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The Sennheiser PXC150 are closed back supra-aural street style headphones with a Noiseguard noise cancelling module.
Supra aural cans sit on the cartilage of your ears rather than on the sides of your head. The cushions are therefore smaller than full sized cans. The PXC have a sprung metal headband which does not place too much pressure on the ears and they are comfortable over long periods of time and the leatherette pads do not cause discomfort.
They are small and lightweight, , much lighter than other noise cancelling designs as the noiseguard module is not built in the headphones but is positioned half way down the lead.
The module is fitted with a clip and an on/off switch and is designed to be clipped to your shirt or pocket.
The biggest advantage they have over the very expensive Bose units is that they will still give you sound even when the battery dies, you just lose the Noiseguard function.
They are supplied with a soft travel bag, a full sized 6mm adapter and a two pin aircraft adapter.
Sadly unlike there more expensive sisters, the PXC250 and PXC300 they do not fold up, nor do they have the extra head band pads, which means that if you are thin on top you can feel the cold steel headband!
Attenuation of outside noise.
They are closed back and this keeps some of the noise out. Secondly the Noisguard module listens to the background noise, particularly the low frequency hum that you get on aircraft and trains. It then re creates this hum but out of phase. This out of phase hum is feed to your ears along with the music. Imagine sending a wave peak to meet a wave trough at the same time, the result would be a flat ocean as they would cancel each other out, this is how the noiseguard unit works.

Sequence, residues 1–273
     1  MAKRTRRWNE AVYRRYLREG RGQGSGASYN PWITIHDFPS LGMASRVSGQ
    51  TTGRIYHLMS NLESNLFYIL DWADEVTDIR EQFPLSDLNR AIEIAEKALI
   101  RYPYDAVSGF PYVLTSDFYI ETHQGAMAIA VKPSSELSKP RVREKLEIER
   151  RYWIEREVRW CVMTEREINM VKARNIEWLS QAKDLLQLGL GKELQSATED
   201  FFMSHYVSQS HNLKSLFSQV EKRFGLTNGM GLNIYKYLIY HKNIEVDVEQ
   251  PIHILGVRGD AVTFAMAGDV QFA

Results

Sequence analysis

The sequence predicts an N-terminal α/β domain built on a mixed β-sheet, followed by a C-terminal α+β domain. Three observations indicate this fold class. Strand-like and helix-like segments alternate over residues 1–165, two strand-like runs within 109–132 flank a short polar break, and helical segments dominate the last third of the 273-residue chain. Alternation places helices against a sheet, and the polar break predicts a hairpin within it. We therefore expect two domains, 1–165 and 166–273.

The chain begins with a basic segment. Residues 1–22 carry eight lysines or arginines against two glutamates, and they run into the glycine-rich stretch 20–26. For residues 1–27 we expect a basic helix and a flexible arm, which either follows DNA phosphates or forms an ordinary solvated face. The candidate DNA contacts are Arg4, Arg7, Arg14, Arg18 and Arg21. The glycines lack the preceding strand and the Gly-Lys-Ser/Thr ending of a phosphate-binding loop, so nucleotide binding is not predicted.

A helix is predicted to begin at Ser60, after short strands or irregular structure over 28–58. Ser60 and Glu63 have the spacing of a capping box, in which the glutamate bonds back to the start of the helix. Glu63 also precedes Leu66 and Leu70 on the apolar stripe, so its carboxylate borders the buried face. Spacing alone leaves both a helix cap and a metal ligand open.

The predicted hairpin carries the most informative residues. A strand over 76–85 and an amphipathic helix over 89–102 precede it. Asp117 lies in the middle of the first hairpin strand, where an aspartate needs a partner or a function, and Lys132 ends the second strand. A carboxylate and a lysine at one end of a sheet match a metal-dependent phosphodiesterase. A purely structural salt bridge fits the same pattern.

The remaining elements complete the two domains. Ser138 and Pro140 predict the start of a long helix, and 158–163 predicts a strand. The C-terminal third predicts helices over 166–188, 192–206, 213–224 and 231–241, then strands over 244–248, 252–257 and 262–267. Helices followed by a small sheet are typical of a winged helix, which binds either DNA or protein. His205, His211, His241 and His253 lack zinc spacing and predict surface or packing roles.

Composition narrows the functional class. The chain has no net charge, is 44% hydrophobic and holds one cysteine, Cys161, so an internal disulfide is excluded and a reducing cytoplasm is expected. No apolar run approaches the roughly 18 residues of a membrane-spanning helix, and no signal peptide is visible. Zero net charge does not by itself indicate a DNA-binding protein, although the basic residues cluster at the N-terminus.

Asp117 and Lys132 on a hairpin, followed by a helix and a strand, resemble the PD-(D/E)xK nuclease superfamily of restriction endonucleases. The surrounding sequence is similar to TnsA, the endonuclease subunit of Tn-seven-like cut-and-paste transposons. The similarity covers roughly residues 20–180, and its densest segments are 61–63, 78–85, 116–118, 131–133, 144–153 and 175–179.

They are very good at taking hum and rumble out of your environment.
They are not as good as blocking random noises like spoken voice as full sized monitors.
All Noise cancelling headphones employ a similar principle.
The unit runs on 2 AA cells and these should power it for 30 hours, but I know people who get a lot more.
Quality of Sound
In addition to our reference HD280pro closed back monitor headphones I have compared these to the more expensive PXC250 , the cheaper Altec Lansing units and the very expensive Bose Quietcomfort 2 full sized and Quietcomfort 3 supra-aural units.
Switching on the noiseguard module also amplifies the music and both widens the soundstage and deepens the bass extension. With the unit switched off you feel the need to both up the volume a few notches and change the bass equalisation settings on your player.
As you would expect from Sennheiser they do have the same family sound, a warm presentation with clear highs and no sibilance. Even when driven to high enough volumes to make your head vibrate they stay smooth and focussed.
Both my lads prefer to use the PXC150s for travel use above their HD280pro
Shop around for a good price, I paid around £35 in the USA last year
Sennheiser offer these with a two year warranty
If you really want noise cancelling headphones, these should be the entry point , do not go for lesser models or makes than these, but my money would go on the next up the range, PXC250 which in addition to having an extra 2 pads on the headband and the ability to fold up, they have a bigger driver and deliver a deeper bass and slightly wider soundstage than the PXC150.
Alternatively consider either the HD280 pro which can be had for £70 online, the superb HD25 reference pro monitor which cost around £130 or some CX300 IEMs which can be had for as little as £18 online.
The PXC 150 headphones with NoiseGard active noise canceling technology let you enjoy music even in noisy environments. They reduce unwanted noise by up to 70 %. The PXC 150 is supplied complete with a convenient draw string protective pouch and aircraft audio adaptors.